Parrot enrichment is a term you may have come across if you’ve been thinking about welcoming a feathered friend into your home or already count one as a much-loved member of your family.
The question of should you get a parrot for a pet is an important one to consider if you’ve not yet taken the plunge because, while they may look like they’d be easy to care for, parrots are much like dogs and cats in that they require a decade-long commitment and come with their own unique needs.
Two of these center around their need for daily physical and mental stimulation, which is where enrichment is so important. Just like us, parrots can get bored, stressed, depressed, and anxious when they don’t have enough to challenge them, and this can lead to a range of destructive behaviors.
Investing in several of the best toys for parrots and placing these in their cage can really help with this, but there are also lots of other forms of enrichment you can use to keep your parrot happy and healthy.
Let’s take a look at some simple yet effective ways that you can keep your feathered friend physically and mentally sharp, including our favorite visual, auditory, and food-based enrichment ideas. But first, a quick recap on why parrots need enrichment.
Why is parrot enrichment so important?
It’s easy to think that purchasing one of the best parrot cages and popping in a few fun toys is all it takes to keep our feathered friends thriving, but enrichment is actually more complex than that - and so too, are parrots.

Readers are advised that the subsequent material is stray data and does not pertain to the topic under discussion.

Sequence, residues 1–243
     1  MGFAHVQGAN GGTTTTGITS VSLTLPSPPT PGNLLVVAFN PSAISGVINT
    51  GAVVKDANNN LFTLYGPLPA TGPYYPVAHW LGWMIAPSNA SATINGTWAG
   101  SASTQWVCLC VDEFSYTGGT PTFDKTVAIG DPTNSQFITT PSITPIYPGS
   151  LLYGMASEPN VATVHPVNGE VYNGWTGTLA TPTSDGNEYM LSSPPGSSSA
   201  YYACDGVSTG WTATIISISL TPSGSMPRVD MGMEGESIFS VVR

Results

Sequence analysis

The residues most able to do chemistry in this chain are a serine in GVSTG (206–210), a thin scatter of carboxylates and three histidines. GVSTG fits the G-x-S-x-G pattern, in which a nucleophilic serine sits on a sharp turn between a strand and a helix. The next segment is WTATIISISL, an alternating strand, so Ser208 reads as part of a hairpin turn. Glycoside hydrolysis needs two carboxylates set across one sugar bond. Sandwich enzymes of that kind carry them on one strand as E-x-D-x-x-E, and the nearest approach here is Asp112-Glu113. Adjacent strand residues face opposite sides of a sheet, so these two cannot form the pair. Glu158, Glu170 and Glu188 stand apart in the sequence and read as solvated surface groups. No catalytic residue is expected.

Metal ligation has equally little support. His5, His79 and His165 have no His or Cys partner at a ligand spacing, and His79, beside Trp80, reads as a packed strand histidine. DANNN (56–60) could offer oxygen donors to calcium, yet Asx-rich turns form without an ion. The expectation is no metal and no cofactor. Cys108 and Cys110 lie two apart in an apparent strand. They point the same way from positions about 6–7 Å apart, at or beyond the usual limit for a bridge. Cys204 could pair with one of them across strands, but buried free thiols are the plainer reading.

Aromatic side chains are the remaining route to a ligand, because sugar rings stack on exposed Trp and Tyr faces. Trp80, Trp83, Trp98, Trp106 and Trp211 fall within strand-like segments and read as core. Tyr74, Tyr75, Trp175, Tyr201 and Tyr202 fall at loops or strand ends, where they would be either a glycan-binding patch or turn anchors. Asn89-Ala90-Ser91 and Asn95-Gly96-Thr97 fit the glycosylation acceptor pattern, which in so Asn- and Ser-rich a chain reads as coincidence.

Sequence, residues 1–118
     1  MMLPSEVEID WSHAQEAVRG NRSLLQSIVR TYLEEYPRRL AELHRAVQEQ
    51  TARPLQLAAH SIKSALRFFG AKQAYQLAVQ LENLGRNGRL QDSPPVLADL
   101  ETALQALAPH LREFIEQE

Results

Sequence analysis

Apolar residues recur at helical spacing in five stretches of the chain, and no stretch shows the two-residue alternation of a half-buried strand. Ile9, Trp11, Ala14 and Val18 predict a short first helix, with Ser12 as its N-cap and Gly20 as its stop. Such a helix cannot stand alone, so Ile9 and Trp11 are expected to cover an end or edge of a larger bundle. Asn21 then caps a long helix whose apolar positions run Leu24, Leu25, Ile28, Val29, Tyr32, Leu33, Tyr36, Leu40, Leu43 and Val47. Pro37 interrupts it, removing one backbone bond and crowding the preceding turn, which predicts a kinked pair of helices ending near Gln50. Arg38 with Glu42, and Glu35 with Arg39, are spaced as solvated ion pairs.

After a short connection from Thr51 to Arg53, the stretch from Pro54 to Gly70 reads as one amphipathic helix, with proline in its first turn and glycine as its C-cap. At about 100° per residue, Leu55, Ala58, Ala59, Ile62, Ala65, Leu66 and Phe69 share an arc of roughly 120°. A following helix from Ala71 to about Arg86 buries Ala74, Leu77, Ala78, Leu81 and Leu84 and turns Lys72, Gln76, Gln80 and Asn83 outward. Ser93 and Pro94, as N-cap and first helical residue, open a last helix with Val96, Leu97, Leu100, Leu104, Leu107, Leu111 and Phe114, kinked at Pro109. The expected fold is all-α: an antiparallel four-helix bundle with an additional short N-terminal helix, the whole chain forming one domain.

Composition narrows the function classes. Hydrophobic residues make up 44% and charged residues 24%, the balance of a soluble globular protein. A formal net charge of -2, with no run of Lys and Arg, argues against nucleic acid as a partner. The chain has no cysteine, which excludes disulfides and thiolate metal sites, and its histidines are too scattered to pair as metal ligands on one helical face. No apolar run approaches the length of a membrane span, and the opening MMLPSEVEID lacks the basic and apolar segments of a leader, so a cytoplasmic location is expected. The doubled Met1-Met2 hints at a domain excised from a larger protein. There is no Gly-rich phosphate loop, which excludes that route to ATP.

While they come in a range of different breeds and sport every shade of feather color under the sun, what all parrots share in common is their high level of intelligence. And what does any intelligent animal hate? Yes, you guessed it, being bored.
A lack of physical and mental enrichment activities can lead your parrot to display a range of negative behaviors, including feather plucking, excessive vocalization, and an increased fearfulness of people. They can also become moody, depressed, anxious and withdrawn.
The good news is, that all of these issues can be remedied by providing appropriate enrichment activities in a variety of different ways to keep your parrot on their toes. Giving your feathered friend plenty of stimulation will ensure they stay happy and healthy and we have a ton of great ideas below.
Most parrots originate from tropical or subtropical areas that are teeming with lush plants, vibrant flowers and a range of wildlife. In their natural environment there’s a lot going on visually and it can help to recreate a little bit of this in and around their cage. Here are a few tips:
- Make sure their cage is placed on a table or other piece of furniture that allows for a certain degree of elevation. This will let your parrot see what’s going on around them and eliminate some of the vulnerability they feel when their cage is on the floor
- Pop them in a room that has a regular flow of traffic so that they can watch your comings and goings, but avoid anything too busy or noisy
- Place several perches in their cage at varying heights and angles so that they get different views
- Make their cage environment interesting by including branches, leaves and wreaths
- Provide a selection of brightly colored toys